In 1994, the Parliament of India enacted the Pre-Conception and Pre-Natal Diagnostic Techniques (PCPNDT) Act also known as the Prohibition of Sex Selection Act. As per the Act, it is illegal to use any technique to identify the sex of a foetus after conception. This came into action to prevent the abortion of female fetuses, which is still a common practice in India.
Some of the rules of the act are as follows:
Prohibition of sex determination and selection by any techniques like ultrasound and amniocentesis
Sex of the fetus cannot be communicated in any way by any parties
Diagnostic techniques can be done only by qualified professionals
All institutions carrying out tests must be registered under the act
Institutions must display their approval certificate
Prior to any tests, relevant forms must be filled and documented
The patient and doctor must sign a declaration
All institutions must display a notice indicating that sex determination or selection is prohibited under the law
Violation of the act by any party is punishable by imprisonment for a term and a fine
The 2011 population census in India revealed that there are only 940 females to every 1000 males in India. The sex ratio is highly skewed in the western Indian states of Haryana, Punjab and Rajasthan.
A patriarchal society, the dowry system, poverty and illiteracy (in some cases) has resulted in a society where sons are preferred over daughters.
Although sex-selective abortion is illegal and female foeticide results in long prison sentences these practices continue in the country.
The skewed ratio is spread across the country, with many urban centers showing the same level of gender imbalance as rural centers. This indicates that the preference for male children trumps the fear of the state. Although the ban on ultrasound testing (that identifies the gender of the fetus) was banned in 1996 and the PCPNDT Act has been in effect since 1994, it was only in 2006 that a doctor and his assistant were convicted for foetal sex determination.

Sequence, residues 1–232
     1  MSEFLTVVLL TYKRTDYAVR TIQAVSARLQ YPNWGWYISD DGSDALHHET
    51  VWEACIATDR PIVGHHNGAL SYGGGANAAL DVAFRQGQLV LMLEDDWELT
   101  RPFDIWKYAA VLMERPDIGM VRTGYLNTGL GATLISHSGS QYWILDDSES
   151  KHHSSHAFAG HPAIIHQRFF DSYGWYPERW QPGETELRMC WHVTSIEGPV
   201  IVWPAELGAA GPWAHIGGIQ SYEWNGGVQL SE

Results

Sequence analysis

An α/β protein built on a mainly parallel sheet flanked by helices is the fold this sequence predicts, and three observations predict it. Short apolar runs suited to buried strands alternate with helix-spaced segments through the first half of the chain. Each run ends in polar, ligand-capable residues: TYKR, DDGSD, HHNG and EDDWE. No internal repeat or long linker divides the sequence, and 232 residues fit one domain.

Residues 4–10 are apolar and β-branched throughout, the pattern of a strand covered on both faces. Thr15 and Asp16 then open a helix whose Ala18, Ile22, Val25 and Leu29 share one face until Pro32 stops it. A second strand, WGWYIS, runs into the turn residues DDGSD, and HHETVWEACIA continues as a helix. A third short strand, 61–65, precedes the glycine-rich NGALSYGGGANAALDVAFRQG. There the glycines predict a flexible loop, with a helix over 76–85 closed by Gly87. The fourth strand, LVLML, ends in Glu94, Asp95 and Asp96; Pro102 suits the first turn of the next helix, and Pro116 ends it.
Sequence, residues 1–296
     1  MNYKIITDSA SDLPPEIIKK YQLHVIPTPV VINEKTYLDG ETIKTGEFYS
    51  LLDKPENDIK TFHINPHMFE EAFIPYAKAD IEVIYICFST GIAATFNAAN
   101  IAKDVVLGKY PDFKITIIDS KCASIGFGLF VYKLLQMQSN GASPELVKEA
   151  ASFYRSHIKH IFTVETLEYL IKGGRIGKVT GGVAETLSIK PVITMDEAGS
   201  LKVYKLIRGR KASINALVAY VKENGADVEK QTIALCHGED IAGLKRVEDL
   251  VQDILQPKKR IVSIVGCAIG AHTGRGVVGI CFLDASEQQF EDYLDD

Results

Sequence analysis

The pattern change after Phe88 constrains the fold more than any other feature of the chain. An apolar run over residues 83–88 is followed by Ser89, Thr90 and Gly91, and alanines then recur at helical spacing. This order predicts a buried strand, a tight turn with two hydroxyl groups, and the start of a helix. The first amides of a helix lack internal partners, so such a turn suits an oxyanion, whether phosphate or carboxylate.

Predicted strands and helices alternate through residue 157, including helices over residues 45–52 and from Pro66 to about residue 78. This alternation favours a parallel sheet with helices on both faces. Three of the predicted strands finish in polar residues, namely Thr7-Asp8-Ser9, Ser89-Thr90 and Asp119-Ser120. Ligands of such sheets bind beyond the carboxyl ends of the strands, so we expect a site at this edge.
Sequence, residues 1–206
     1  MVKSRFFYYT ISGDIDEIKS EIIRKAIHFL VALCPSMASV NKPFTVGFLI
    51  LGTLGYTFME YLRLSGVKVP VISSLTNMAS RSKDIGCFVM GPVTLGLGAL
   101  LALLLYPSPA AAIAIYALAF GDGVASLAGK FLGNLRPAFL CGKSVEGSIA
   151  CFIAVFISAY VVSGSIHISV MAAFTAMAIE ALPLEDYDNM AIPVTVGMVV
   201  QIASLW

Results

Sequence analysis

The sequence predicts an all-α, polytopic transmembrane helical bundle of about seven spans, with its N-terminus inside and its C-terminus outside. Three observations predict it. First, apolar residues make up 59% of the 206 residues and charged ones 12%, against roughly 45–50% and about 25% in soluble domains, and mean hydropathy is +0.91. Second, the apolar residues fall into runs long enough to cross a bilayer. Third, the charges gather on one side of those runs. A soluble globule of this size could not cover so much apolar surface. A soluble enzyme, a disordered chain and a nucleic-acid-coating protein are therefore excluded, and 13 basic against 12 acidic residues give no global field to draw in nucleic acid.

Many ultrasound and scan centers in the country still carry out diagnostic techniques that reveal the gender of the fetus.
In India, it is common for families to prefer raising boys. The belief driving this preference is that sons take care of the family while daughters leave the family after marriage. As per cultural norms, boys are viewed as an ‘asset’, while raising a girl is more expensive because of dowry and lack of financial return in the future.
This cultural sanctioning of female abortion ensures that those involved in the practice get away scot-free. In many cases, neither sex-selective abortion nor the act of female foeticide come to light. Another startling aspect of the sex selection process is the use of drugs to help change the gender of the fetus. These drugs, going by the names of ‘Shivlingi’ and ‘Majuphal’ contain high amounts of testosterone and natural steroids. They are sold across the counter in north Indian states like Haryana. The administration of these drugs has resulted in foetal deaths and an increase in the number of stillborn babies, not to mention the physical and emotional toll it takes on the mothers. Men and women are both complicit in the sex selection process as the birth of a female child in many homes is treated akin to a funeral.
The Indian government offers many programs to combat this social evil including providing educational scholarships for girl children. They even offer cash transfers to parents who haven't forced their girls into an underaged marriage (unmarried till the age of 18). States such as Tamil Nadu have schemes where the parents can leave unwanted children in designated centers to help combat the female foeticide problems.
Despite these measures, statistic show that the country's gender imbalance still exists.